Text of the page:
July 16, 2020
COVID-19 has made a lot of situations worse. Maybe the last situation that anyone wants their friend or family member to be in is an ICE hold. ICE holds during COVID-19 have exacerbated an already bad situation.
For everything you need to know about ICE holds in the age of the coronavirus, keep reading.
The coronavirus has struck the U.S. Immigration and Customs Enforcement agency (ICE) just as badly as it has affected other segments of society.
ICE reported the first death of a detained immigrant on May. 6. In mid-May, 943 detainees had tested positive, accounting for one in 31 detainees. 44 of ICE's detention facilities' employees had tested positive by that time.
Just as there's a higher risk of disease transmission in prison systems, there's a higher risk in detention facilities as well. That's because like inmates, detainees find themselves in close quarters. What's more, detention facilities happen to be next to coronavirus hotbeds.
Some states have released non-violent prisoners to slow the spread of the virus within prisons and jails. Likewise, on March 18, ICE field offices had to look at the cases of detainees over 70 and pregnant detainees. On April 4, the order to review cases was extended to cases of anyone aged 60 or older, detained mothers who had given birth two weeks ago or sooner, and detainees with any chronic condition that affects their immunity.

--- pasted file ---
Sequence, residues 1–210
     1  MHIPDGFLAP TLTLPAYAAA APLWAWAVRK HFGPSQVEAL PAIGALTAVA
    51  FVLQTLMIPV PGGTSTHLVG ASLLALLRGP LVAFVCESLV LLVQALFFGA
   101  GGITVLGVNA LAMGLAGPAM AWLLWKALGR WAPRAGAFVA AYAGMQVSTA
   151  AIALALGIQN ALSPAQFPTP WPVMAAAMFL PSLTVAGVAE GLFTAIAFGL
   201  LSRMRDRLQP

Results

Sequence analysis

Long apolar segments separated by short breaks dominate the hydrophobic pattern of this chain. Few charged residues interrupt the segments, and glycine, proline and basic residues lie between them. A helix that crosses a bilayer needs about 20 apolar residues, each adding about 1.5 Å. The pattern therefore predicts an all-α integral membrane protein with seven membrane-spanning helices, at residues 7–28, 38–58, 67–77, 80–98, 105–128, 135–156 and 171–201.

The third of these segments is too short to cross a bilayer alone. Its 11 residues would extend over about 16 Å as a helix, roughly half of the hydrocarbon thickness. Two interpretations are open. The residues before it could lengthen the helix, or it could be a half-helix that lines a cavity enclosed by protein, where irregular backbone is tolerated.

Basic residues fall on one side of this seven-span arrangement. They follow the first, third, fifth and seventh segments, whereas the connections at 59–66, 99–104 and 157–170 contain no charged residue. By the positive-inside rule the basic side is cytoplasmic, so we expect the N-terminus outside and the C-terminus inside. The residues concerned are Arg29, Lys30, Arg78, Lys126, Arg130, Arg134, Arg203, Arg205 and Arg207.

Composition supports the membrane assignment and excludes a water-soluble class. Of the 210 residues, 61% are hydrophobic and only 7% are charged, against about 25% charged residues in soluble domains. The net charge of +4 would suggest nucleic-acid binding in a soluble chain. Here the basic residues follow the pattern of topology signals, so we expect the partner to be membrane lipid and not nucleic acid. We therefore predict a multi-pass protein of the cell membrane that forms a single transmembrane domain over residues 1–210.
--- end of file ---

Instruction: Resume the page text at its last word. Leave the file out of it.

Higher-level officials are required to review cases involving detainees who have been convicted of a crime or arrested.
Not only does releasing detainees protect vulnerable individuals, but it also stops crowding. ICE has tried to reduce detention facility populations to about 75 percent of the full capacity.
If a detainee falls ill with the virus, they're required to isolate. New detainees are recommended to quarantine for 14 days before joining the general population. Suspected or confirmed coronavirus cases are required to be housed separately.
ICE provides limitless access to hand-washing supplies. It also provides hand sanitizer wherever it's allowed.
Also, ICE now offers the influenza vaccine "where possible" to all staff and detainees. This marks a reverse-course of the prior policy.
Moving forward, the Department of Homeland Security's Inspector General (DHS IG) should rigorously evaluate ICE's performance. Whether it will actually do so is another question entirely.
As of mid-May of this year, the DHS IG's office only released 31 reports. That's in stark contrast to the 147 reports it released in 2016. The office has also sometimes couched its findings in political terms.
In the time of a pandemic, it should now focus perhaps more than ever before on performing vigorous, apolitical oversight of ICE facilities. Doing so is in the best interest of medicine and human lives.
ICE has come under intense scrutiny in recent years. The novel coronavirus has only amplified that scrutiny of ICE holds during COVID-19, as two highly politically charged domains have collided.
Politics aside, if you have a friend or family member in an ICE hold, you surely want to get them out of the way of coronavirus' potential to spread in an ICE facility. To get your loved one(s) out of harm's way, contact Action Immigration Bonds & Insurance Services today.
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